Globetrotting is a lifestyle that comes with its own set of guidelines to follow and rules to ignore. As a traveler, there’s all sorts of misconceptions about how things should be done. In the end, living on the road is kind of like packing a backpack: the less weight there is to carry around on your shoulders, the easier it is to move around and the more enjoyable the journey is.
Travel already comes with its own set of befuddling dilemmas: How do I get from Point A to Point B? What language are the signs in? Why does this address not exist? What time zone is this conference call supposed to be in? Is sleeping in an insane-asylum-turned-hostel really a good idea?
Beyond the logistics, there’s a whole other set of moral and cultural aspects to consider. Is it possible to not look the tourist and still pair a neon hoodie with flip flops? Is it a sin to go to Berlin and not see Brandenburg Gate? Will your pilates teacher still talk to you if breakfast consists of fried dough sticks coated in sugar and dipped in chocolate?
Take a deep breath, exhale slowly, and relax. Invest time and effort in something worthwhile, such as volunteering with underprivileged children or cleaning up the environment, and let your hair down when it comes to daily conveniences and guilty pleasures.
Sorry not sorry for...
1. Having a day in.
Sometimes, it’s hard to justify not going outside to play, especially when skies are blue and the sun is shining bright. I mean, how many times will you get an invitation from that brown-eyed model to go search for starfish on secluded Cuban beaches? Okay, maybe just once. However, there’ll always be an opportunity to do something, somewhere, with someone, just as there will always be more museums to see and underground bars to party in. So, don’t stress it if your body just wants to draw the curtains shut, stay in pj’s all day, and binge the Gilmore Girls revival on Netflix (What has Lorelai gotten herself into now?). It’s necessary to recharge from time to time.
2. Pretending you’re a student when you’re not.
Most museums, cinemas, theaters, and national monuments are either too busy to spend time checking dates properly or get too intimidated to decipher foreign university ID’s. Student discounts tend to be quite significant abroad, so always ask if they are available and then flash your laminated card…even if you already graduated two years ago. We’re all students of life anyway, right? Meaningful travelers more than anyone!
3. Gorging on free samples.
What do farmers markets, Costco, new frozen yogurt shops, and the bread section of supermarkets have in common? One of the best things that exist on the planet: free samples. Go crazy with little bites of delicacies you know you can’t really afford and stretch your budget for that aperatif later. <3 Guilty pleasure food <3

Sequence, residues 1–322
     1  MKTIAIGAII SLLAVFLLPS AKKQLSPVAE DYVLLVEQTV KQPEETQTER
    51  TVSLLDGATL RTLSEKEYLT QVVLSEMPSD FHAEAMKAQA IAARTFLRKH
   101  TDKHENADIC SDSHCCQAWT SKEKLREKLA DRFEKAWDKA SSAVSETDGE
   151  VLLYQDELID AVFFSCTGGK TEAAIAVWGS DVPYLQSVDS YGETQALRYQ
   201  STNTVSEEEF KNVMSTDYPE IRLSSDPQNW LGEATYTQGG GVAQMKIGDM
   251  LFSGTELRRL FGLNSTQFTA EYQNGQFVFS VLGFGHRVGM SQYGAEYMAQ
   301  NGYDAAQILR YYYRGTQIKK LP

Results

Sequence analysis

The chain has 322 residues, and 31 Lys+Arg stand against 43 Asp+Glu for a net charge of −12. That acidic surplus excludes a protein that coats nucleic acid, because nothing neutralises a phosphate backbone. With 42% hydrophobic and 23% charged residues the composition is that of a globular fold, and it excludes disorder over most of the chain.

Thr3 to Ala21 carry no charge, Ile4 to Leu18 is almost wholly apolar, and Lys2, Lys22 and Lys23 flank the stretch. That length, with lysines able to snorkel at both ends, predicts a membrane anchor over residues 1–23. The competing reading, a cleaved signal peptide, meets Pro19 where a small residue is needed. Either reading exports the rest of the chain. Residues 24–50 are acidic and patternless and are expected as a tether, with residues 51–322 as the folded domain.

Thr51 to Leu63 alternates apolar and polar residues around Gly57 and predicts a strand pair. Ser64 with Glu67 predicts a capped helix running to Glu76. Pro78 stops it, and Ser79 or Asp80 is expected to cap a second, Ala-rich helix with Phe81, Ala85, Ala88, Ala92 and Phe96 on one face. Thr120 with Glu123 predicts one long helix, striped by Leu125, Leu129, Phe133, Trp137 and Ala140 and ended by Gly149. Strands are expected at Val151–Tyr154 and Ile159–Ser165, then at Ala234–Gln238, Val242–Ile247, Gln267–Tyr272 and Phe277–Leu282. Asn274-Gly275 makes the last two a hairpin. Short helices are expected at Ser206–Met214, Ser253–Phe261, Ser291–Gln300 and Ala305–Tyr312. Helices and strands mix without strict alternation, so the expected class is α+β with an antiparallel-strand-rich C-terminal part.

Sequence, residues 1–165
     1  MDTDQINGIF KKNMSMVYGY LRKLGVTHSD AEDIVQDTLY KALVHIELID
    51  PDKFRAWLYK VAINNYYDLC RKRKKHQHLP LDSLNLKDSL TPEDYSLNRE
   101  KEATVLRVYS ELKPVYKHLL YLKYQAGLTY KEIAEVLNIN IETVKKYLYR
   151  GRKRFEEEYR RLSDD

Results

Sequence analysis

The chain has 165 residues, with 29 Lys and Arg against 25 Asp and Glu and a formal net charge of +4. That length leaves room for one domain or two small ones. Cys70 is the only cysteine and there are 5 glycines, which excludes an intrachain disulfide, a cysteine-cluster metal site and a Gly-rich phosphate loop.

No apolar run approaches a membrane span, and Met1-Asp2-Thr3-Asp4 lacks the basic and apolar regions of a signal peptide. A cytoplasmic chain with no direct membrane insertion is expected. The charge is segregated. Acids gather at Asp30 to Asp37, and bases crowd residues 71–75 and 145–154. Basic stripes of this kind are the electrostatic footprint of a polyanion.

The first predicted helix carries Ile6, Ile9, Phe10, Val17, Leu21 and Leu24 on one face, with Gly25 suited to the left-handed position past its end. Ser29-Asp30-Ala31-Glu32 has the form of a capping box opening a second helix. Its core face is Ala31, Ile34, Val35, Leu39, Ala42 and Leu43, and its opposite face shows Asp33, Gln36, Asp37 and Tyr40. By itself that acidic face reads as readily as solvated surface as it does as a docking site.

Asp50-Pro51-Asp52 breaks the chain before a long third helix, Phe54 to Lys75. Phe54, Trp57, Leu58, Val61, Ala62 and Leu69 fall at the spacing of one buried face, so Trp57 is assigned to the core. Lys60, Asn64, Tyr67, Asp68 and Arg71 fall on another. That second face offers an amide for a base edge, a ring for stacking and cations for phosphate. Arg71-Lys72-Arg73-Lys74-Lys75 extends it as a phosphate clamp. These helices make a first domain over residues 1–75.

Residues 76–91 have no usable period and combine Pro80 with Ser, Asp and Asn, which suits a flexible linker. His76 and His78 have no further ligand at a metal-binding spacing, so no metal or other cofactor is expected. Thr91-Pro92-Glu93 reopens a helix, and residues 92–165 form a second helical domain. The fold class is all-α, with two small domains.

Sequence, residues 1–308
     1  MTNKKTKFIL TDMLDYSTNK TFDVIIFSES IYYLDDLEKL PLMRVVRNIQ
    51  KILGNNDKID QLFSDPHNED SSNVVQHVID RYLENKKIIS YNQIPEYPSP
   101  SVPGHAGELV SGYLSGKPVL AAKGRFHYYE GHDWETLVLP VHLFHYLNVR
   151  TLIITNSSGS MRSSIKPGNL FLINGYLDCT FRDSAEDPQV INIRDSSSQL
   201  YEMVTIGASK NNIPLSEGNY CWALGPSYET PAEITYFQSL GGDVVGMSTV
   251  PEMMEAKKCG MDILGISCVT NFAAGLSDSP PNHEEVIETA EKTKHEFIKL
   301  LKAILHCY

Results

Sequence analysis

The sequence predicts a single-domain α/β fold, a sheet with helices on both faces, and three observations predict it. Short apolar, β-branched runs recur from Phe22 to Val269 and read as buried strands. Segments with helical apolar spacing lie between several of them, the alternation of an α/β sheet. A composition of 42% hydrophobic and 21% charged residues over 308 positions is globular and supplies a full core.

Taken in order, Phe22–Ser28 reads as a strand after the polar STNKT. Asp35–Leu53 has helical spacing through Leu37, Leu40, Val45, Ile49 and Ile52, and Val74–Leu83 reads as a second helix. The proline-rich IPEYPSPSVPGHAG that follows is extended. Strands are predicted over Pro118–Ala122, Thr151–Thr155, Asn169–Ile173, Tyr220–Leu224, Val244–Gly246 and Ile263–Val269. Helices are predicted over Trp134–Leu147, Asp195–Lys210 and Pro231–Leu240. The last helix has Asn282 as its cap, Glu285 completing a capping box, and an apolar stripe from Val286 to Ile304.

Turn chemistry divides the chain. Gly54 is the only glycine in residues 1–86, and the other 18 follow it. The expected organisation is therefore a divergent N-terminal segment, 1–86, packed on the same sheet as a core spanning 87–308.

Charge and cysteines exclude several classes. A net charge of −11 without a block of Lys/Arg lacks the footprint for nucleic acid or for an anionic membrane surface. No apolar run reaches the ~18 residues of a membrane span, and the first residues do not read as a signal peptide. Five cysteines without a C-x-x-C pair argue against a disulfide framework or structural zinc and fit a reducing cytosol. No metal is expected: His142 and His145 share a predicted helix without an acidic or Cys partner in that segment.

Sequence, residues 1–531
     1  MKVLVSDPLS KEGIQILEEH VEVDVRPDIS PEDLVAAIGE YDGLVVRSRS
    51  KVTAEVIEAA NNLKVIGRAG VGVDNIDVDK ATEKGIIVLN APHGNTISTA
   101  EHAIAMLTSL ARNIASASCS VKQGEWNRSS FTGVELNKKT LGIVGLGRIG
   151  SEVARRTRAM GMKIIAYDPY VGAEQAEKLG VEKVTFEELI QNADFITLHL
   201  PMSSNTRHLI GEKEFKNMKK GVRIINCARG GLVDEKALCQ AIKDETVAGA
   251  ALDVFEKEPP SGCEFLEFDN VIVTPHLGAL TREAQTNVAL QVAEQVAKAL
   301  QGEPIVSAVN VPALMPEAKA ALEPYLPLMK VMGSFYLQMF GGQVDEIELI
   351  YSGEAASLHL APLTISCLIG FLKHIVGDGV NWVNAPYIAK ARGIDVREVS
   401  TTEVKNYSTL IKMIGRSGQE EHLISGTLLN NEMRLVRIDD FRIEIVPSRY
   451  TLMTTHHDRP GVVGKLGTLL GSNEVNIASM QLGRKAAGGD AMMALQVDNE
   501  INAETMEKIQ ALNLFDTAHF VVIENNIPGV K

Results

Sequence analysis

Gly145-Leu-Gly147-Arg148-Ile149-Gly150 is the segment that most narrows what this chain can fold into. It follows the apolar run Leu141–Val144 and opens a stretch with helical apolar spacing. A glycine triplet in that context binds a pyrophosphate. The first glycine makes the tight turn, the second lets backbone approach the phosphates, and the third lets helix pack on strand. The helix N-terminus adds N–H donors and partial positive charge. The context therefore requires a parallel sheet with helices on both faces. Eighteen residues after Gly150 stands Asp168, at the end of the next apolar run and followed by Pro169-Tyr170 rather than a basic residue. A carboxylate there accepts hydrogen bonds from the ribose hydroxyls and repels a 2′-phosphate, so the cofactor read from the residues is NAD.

4. Acting like a tourist.
Despite our best efforts to blend in seamlessly with the locals and not stand out as white-socked tourists, there’s moments when it’d just be plain silly to not take that selfie with a camel in the background. If you’ve flown halfway across the world to be in Paris, of course you’re going to go to the top of the Eiffel Tower. While a meaningful trip should go beyond the monuments, there’s a reason that landmarks are landmarks. I mean, when in Rome…
5. Going MIA for a few days.
Keeping up with social media and maintaining an envy-inspiring Instagram account can take a lot of work. There’s times that you just want to stuff a piece of Schwarzwälder Kirschtorte into your mouth and forget about arranging lighting and composition for that perfect shot. And that’s totally okay. Whether you’re on a weekend getaway or semester abroad, life is there to be lived, not recorded. Ditch the phone for a few days and dive in.
Friendly Tip #1: when going off-grid for a while, it’s good to post a notice before disappearing, or Interpol may be banging on your door while you’re deep in the middle of a meditation session on a remote island (trust me on this one).
6. Being comfortable.
While it is important to know local fashion and dress codes abroad (who wants to be turned away from the opera recital because they are wearing a t-shirt?), a degree of practical comfort is to be taken into consideration when planning for 12-hour train trips. Practice good hygiene and respect attire expectations of all religions, but pick shoes based on comfort, not height of heels. At the end of the day, travel is hard work; dress the part.